'Thank you for inviting me, Laura,' he said, taking her hand. He noticed she still wore wedding and engagement rings.
As she showed him into a living room, a younger woman rose from one of the armchairs to greet him. She might have been in her late forties, with the same blue eyes as her mother.
'I'm Cathy. I hope you don't mind me sitting in,' she said with a pleasant smile.
'Of course not, I understand.'
The room was quite small, with a table covered by a cloth at one side and two armchairs and a dining chair at the other. A window gave a view of a long, narrow garden, with a winding paved path. A tawny coloured cat lay on one of the dining chairs, beneath the table cloth.
'You like cats?'a sked Harry, encouraged.
'That's Chilli. He's a big softy.'
Harry stroked Chilli as he passed by on his way to the dining chair. The cat took no notice. 'I've got a cat. Floss. He's been good company.'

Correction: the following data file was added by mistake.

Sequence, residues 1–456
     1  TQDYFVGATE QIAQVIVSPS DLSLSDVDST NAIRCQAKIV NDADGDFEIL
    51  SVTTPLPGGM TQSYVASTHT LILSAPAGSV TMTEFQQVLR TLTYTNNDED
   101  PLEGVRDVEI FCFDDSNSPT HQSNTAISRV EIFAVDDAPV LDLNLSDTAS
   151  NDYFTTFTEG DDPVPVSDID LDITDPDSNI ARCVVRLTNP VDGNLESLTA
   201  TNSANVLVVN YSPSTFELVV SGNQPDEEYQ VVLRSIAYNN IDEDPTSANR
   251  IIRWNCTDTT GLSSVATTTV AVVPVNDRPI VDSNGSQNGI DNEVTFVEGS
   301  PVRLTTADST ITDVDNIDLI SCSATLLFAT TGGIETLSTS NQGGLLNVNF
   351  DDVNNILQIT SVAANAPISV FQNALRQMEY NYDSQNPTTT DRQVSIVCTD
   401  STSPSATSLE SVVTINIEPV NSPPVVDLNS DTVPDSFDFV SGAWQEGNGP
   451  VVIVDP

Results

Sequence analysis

'Oh yes. I wouldn't like to be without an animal. They all have their personalities. I always know when it's warm outside, because Chilli goes and sits by the fence.'
Harry looked at the garden. 'It's a nice garden. But why does the cat sit there?'
'The neighbour's got a pond with koi carp in it. Chilli could never catch any of them, but he likes to watch.' Laura smiled.
Harry smiled back. There was something warm about Laura. 'Have you lived here long?'
'Forty years. I've always rented from the same landlord. That must be some kind of record.'
'I think it's a company, Mum, rather than a person,' said Cathy.
'You must be a good tenant, anyway,' said Harry. 'We had a lodger, in the first house I owned. Clive was his name. One day, I was up a ladder painting the windows on the first floor when he walked past and, do you know, I upset the paint tin and it spilled all over him! He was very good about it.'
Both women laughed.
They chatted for an hour about houses, interior design and the history of the area. Harry decided he liked Laura, with her ready smile and her bright eyes. Although she didn't have Fiona's academic background, she was bright and ready to take an interest.
When he rose to leave he took her hand again. 'Can I see you again?'
She smiled. 'Yes, I think I would like that.'